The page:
CumInCAD is a Cumulative Index about publications in Computer Aided Architectural Design
supported by the sibling associations ACADIA, CAADRIA, eCAADe, SIGraDi, ASCAAD and CAAD futures

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Hits 121 to 140 of 144

_id c5ec
authors Smith Shaw, Doris
year 1988
title The Conceptual Approach to CAD Education
source Computing in Design Education [ACADIA Conference Proceedings] Ann Arbor (Michigan / USA) 28-30 October 1988, pp. 35-45
summary Recent research at the Corps of Engineers Construction Engineering Research Laboratory (CERL) investigated embedded computer-based instruction for AutoCAD. The results of this study, which are the focus of this paper, indicated that the only factor which correlated with success in completing the final test was previous experience with another CAD system. Those who knew another CAD system had higher scores and required less than half the time to complete the lessons. Presumably their conceptual knowledge about CAD transferred to the new software environment, even though the Corps' study showed that they were initially biased against learning the new system. Such biased attitudes have been observed when users are asked to learn a second similar software of any kind.

Architects who are deeply involved in computer-aided design have stated that one must learn to program the computer to build the conceptual framework for the creative process. We at CERL agree that an understanding of underlying graphics concepts is essential to the designer. Our research shows that giving students the freedom to explore an existing software program can result in the development of conceptual knowledge. Interviews also reveal that students can invent ways to meet individual objectives when "guided discovery" learning is encouraged.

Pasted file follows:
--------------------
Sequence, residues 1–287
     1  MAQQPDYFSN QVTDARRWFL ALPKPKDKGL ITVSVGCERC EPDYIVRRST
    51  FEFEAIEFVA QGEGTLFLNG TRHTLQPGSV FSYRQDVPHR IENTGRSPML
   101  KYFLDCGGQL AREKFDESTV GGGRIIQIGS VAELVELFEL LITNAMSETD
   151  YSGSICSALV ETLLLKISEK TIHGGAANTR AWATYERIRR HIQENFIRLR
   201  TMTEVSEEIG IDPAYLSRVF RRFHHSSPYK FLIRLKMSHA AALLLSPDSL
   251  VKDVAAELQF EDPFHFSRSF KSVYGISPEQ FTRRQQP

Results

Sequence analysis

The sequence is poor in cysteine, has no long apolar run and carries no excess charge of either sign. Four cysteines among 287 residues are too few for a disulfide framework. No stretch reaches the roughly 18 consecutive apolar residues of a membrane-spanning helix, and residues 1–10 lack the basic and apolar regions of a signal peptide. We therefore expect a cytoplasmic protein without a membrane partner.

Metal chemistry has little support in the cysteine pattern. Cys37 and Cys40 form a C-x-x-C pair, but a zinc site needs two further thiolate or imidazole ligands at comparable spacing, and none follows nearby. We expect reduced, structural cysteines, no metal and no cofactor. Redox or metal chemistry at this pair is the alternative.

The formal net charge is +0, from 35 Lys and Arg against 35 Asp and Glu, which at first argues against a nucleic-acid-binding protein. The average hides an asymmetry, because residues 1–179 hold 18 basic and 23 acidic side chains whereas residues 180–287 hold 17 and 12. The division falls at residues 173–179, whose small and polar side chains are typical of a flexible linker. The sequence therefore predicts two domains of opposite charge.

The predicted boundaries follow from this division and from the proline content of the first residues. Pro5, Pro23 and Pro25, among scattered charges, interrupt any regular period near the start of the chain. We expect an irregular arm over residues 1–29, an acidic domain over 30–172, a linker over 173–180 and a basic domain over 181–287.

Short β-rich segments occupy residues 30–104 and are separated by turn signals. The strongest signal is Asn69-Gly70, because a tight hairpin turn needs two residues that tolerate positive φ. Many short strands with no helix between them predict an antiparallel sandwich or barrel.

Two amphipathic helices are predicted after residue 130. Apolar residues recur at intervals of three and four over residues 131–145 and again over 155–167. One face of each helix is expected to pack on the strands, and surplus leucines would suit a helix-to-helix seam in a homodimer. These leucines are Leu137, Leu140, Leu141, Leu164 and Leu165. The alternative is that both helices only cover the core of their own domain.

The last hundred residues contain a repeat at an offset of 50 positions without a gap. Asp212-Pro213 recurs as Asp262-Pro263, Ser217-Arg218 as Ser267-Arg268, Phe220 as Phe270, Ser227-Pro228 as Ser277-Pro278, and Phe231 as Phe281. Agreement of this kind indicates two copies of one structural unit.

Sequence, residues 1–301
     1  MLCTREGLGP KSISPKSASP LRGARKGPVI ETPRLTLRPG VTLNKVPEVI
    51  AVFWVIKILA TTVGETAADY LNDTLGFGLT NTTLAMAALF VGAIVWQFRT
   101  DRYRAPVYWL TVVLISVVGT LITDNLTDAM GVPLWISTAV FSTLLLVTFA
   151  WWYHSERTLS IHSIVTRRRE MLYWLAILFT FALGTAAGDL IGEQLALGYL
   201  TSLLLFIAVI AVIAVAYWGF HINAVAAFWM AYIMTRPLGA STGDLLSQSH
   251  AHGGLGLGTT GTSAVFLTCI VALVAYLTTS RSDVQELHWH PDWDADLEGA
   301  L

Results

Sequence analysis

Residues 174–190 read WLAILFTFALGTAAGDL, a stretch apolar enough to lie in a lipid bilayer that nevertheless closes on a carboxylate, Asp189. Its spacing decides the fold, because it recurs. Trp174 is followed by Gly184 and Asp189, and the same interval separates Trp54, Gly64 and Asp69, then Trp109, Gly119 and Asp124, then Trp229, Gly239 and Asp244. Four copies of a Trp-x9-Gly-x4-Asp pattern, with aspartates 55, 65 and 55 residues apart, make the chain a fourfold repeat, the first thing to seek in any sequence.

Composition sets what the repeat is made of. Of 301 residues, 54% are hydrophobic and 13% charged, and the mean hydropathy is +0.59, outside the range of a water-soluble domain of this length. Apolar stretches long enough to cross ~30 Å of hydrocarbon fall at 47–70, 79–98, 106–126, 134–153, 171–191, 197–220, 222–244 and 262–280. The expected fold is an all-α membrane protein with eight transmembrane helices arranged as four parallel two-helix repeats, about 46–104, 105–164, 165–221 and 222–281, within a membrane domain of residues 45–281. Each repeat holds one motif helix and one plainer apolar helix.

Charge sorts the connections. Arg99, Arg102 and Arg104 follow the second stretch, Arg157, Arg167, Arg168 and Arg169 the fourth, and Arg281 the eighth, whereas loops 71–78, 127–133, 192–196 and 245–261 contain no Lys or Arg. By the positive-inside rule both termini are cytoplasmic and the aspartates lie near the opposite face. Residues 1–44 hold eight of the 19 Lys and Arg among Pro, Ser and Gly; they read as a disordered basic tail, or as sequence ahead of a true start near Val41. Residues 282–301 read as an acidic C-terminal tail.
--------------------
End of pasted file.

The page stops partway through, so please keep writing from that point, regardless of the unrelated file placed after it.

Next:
series ACADIA
last changed 1999/01/01 18:23

_id acadia16_98
id acadia16_98
authors Smith, Shane Ida; Lasch, Chris
year 2016
title Machine Learning Integration for Adaptive Building Envelopes: An Experimental Framework for Intelligent Adaptive Control
source ACADIA // 2016: POSTHUMAN FRONTIERS: Data, Designers, and Cognitive Machines [Proceedings of the 36th Annual Conference of the Association for Computer Aided Design in Architecture (ACADIA) ISBN 978-0-692-77095-5] Ann Arbor 27-29 October, 2016, pp. 98-105
summary This paper describes the development of an Intelligent Adaptive Control (IAC) framework that uses machine learning to integrate responsive passive conditioning at the envelope into a building’s comprehensive conventional environmental control system. Initial results show that by leveraging adaptive computational control to orchestrate the building’s mechanical and passive systems together, there exists a demonstrably greater potential to maximize energy efficiency than can be gained by focusing on either system individually, while the addition of more passive conditioning strategies significantly increase human comfort, health and wellness building-wide. Implicitly, this project suggests that, given the development and ever increasing adoption of building automation systems, a significant new site for computational design in architecture is expanding within the post-occupancy operation of a building, in contrast to architects’ traditional focus on the building’s initial design. Through the development of an experimental framework that includes physical material testing linked to computational simulation, this project begins to describe a set of tools and procedures by which architects might better conceptualize, visualize, and experiment with the design of adaptive building envelopes. This process allows designers to ultimately engage in the opportunities presented by active systems that govern the daily interactions between a building, its inhabitants, and their environment long after construction is completed. Adaptive material assemblies at the envelope are given special attention since it is here that a building’s performance and urban expression are most closely intertwined.
keywords model predictive control, reinforcement learning, energy performance, adaptive envelope, sensate systems
series ACADIA
type paper
email shaneida@u.arizona.edu
last changed 2016/10/24 11:12

_id acadia16_470
id acadia16_470
authors Sollazzo, Aldo; Baseta, Efilena; Chronis, Angelos
year 2016
title Symbiotic Associations
source ACADIA // 2016: POSTHUMAN FRONTIERS: Data, Designers, and Cognitive Machines [Proceedings of the 36th Annual Conference of the Association for Computer Aided Design in Architecture (ACADIA) ISBN 978-0-692-77095-5] Ann Arbor 27-29 October, 2016, pp. 470-477